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Evolving Education: Online college courses require attention for the future
CSUS online ed
For the current semester, California State University, Stanislaus offers 96 online and hybrid courses with a total of 1,937 students enrolled. - photo by Photo Contributed

First it was chalkboards, then it was white boards and now it is online message boards. The face of education is changing.

The California State Student Association recently published a white paper report on online education and digital learning to offer the student perspective on an issue that is taking center stage at universities across the country. The report examines online education across the 23 CSU campuses, which serve 437,000 students, and can be distributed among state legislators as traction increases around online education in the political sphere.

“We were really excited about the white paper because it is a useful tool for us to have a collective voice as students of the CSU,” said Amber Deming, governmental affairs administrator at CSU Stanislaus, who serves on CSSA and contributed to the white paper along with CSUS Associate Students, Inc. President Mariam Salameh. “The main takeaway is that online education is more of a tool and not a replacement for classroom education.”

With search engines at students’ fingertips, the professor to pupil relationship is changing and online education is playing a role in students’ lives whether they are enrolled in an online course or not. Online courses are advantageous for universities because they universalize education in the sense that faculty are able to reach students that would have been excluded due to time and place constraints, according to CSUS Provost James T. Strong.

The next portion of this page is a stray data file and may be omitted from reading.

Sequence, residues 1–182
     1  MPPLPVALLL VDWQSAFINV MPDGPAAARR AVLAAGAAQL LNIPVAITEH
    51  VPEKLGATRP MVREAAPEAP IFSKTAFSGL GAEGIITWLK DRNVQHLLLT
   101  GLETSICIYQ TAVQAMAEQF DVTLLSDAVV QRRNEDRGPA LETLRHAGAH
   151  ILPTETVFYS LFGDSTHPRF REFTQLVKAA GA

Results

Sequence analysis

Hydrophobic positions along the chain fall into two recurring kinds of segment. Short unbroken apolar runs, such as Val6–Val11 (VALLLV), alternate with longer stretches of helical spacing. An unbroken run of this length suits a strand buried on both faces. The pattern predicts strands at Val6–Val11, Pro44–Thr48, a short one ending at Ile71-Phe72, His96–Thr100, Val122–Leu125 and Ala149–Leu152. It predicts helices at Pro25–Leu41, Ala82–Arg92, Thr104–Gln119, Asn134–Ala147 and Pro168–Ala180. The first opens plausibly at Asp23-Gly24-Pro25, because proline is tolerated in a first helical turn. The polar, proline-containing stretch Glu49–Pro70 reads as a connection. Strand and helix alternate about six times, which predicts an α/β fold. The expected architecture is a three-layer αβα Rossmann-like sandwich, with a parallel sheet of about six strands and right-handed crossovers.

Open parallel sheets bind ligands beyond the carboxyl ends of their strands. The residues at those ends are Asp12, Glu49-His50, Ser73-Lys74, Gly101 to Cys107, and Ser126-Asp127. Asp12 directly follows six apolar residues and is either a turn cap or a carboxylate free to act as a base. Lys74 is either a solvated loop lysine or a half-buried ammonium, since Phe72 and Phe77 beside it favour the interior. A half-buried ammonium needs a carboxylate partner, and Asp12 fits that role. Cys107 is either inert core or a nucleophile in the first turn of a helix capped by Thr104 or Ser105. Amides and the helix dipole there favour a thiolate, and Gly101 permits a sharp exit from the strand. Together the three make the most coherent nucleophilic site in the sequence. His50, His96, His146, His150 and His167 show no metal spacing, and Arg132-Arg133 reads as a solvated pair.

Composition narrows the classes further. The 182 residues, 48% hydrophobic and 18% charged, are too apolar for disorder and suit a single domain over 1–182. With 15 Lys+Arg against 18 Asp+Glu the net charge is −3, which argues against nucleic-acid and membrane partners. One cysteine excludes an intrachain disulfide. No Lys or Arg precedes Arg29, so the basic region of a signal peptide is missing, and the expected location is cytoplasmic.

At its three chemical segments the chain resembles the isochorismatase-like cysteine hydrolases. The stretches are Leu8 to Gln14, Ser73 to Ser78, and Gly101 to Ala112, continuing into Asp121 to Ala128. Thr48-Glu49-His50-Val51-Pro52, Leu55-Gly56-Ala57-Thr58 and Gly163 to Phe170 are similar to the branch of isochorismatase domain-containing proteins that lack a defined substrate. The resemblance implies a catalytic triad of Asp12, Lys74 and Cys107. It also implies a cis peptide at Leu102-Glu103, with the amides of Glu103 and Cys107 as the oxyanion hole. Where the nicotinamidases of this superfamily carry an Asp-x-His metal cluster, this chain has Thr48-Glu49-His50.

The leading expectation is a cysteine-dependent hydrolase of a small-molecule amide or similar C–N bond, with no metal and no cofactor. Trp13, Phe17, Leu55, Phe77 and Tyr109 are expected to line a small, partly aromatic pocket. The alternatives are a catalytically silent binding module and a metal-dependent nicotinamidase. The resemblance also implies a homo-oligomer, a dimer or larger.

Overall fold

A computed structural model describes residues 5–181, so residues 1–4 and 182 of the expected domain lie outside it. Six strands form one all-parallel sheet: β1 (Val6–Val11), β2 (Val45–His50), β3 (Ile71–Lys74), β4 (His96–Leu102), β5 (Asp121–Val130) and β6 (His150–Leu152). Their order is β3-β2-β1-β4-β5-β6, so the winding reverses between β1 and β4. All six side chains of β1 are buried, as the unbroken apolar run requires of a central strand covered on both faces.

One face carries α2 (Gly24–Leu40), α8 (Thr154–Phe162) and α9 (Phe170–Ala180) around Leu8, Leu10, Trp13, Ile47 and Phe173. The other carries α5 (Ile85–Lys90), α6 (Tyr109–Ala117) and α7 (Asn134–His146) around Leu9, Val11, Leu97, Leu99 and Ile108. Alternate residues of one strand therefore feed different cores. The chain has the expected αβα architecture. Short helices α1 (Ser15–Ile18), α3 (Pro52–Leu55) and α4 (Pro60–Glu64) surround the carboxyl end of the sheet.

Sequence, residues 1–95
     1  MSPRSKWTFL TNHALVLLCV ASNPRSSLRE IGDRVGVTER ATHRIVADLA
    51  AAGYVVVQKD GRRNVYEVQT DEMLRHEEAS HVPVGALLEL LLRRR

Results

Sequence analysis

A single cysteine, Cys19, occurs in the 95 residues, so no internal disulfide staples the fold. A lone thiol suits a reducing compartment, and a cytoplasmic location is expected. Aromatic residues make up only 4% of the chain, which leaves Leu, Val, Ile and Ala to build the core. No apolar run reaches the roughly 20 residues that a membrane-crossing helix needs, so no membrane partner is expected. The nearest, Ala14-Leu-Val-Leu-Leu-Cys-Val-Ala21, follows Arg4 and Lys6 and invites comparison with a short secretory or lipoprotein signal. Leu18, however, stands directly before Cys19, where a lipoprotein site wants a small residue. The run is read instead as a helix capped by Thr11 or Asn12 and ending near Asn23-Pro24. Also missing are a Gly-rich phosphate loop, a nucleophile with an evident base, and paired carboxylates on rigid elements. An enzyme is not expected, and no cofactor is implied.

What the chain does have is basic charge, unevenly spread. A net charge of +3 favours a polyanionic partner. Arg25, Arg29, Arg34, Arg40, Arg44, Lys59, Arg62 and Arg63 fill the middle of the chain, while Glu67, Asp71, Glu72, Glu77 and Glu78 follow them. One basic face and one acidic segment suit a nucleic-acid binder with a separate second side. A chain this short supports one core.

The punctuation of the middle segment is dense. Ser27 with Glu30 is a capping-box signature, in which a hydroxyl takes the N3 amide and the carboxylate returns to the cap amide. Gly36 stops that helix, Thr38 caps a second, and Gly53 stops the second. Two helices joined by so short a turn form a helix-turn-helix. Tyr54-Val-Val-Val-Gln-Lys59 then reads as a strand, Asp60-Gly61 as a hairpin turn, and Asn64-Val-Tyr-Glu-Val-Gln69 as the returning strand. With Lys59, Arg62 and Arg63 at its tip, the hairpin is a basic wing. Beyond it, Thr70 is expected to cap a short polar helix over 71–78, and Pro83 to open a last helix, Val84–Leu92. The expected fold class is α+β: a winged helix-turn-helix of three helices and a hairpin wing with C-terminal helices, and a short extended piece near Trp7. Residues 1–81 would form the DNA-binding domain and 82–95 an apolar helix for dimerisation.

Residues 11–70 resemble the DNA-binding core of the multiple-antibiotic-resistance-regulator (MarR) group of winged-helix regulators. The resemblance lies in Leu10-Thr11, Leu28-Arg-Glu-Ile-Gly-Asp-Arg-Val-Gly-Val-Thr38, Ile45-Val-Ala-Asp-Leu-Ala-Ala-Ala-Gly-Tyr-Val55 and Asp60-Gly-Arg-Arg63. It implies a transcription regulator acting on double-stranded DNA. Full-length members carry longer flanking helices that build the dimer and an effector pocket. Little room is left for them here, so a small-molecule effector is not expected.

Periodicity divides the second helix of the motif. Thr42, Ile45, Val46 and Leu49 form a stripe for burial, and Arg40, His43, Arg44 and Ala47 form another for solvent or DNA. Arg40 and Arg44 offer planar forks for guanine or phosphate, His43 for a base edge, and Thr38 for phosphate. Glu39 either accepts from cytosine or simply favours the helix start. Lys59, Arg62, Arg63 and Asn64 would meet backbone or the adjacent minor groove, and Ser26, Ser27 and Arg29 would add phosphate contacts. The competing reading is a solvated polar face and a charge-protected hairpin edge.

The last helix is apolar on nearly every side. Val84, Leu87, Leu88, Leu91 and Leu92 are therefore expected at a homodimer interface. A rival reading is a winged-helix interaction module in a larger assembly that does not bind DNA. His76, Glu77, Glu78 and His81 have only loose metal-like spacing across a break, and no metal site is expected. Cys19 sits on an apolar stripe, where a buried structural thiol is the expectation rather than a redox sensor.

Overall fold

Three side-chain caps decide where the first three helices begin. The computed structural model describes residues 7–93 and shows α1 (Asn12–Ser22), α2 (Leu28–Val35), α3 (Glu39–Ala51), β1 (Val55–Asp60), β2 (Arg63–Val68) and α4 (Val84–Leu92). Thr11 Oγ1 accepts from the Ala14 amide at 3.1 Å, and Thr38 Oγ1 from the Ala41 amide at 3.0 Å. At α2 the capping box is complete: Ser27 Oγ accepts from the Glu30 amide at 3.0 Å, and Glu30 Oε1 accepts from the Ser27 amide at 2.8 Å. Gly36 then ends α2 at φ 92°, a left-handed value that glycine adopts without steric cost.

“The university is very supportive of online courses. The use of online technologies to deliver courses has steadily increased over the past 20 years and will continue to grow and continue to have a major impact on higher education. Online instruction is not inexpensive, but if done well, it can be very effective,” said Strong.

CSUS offers offer fully online courses, online and in-person hybrid course,  and courses that use online capabilities to supplement ground-based teaching. For the current semester, California State University, Stanislaus offers 96 online and hybrid courses with a total of 1,937 students enrolled, according to the Office of Institutional Research.

While CSSA acknowledges the importance of online education, students are advocating for refining the way information is delivered to ensure that their education is on par with the ever-changing technological world. The CSSA report places emphasis on not only the content of the courses, but also the aesthetics and accessibility of the information.

“Generations before us did not grow up in the same technological environments, therefore, the approach to how to use and administer technology comes from different perspective,” states CSSA in the white paper.

The Association also advocates that online education should be dynamic and interactive, with special emphasis placed not only on student access but faculty usability. The report suggests that online education development ought to include input from a variety of stakeholders, which is on par with the way online courses are run at CSUS as faculty decide how best to use online delivery with the technical support from the university.

 “Faculty are just as an important stakeholder as students in the equation for what online education should be. Faculty are the gateway to education for students, and it should be simple and effortless for them to deliver instruction to students,” states the report.

The Association also encourages innovation in the online education sphere, such as ensuring that online education is accessible on mobile devices and includes the input of the private sector by treating the development like a start-up company. CSSA also acknowledges that online education is only one way to develop university education and the physical classroom still plays an integral role in furthering student education.